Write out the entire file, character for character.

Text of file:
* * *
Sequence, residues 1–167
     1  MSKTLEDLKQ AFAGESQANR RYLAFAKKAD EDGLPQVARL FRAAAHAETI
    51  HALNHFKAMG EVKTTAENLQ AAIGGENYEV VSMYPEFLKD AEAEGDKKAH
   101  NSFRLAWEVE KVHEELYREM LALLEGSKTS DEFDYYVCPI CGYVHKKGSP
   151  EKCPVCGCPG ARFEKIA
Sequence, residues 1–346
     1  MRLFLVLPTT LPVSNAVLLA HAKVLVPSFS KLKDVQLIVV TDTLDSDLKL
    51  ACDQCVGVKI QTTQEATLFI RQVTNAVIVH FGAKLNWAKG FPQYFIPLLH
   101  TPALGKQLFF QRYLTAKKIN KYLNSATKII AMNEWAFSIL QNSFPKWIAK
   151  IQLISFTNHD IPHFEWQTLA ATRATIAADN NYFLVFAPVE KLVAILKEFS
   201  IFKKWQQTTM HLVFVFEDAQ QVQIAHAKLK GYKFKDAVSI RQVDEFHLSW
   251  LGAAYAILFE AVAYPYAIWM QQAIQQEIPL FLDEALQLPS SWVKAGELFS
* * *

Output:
Sequence, residues 1–167
     1  MSKTLEDLKQ AFAGESQANR RYLAFAKKAD EDGLPQVARL FRAAAHAETI
    51  HALNHFKAMG EVKTTAENLQ AAIGGENYEV VSMYPEFLKD AEAEGDKKAH
   101  NSFRLAWEVE KVHEELYREM LALLEGSKTS DEFDYYVCPI CGYVHKKGSP
   151  EKCPVCGCPG ARFEKIA
Sequence, residues 1–346
     1  MRLFLVLPTT LPVSNAVLLA HAKVLVPSFS KLKDVQLIVV TDTLDSDLKL
    51  ACDQCVGVKI QTTQEATLFI RQVTNAVIVH FGAKLNWAKG FPQYFIPLLH
   101  TPALGKQLFF QRYLTAKKIN KYLNSATKII AMNEWAFSIL QNSFPKWIAK
   151  IQLISFTNHD IPHFEWQTLA ATRATIAADN NYFLVFAPVE KLVAILKEFS
   201  IFKKWQQTTM HLVFVFEDAQ QVQIAHAKLK GYKFKDAVSI RQVDEFHLSW
   251  LGAAYAILFE AVAYPYAIWM QQAIQQEIPL FLDEALQLPS SWVKAGELFS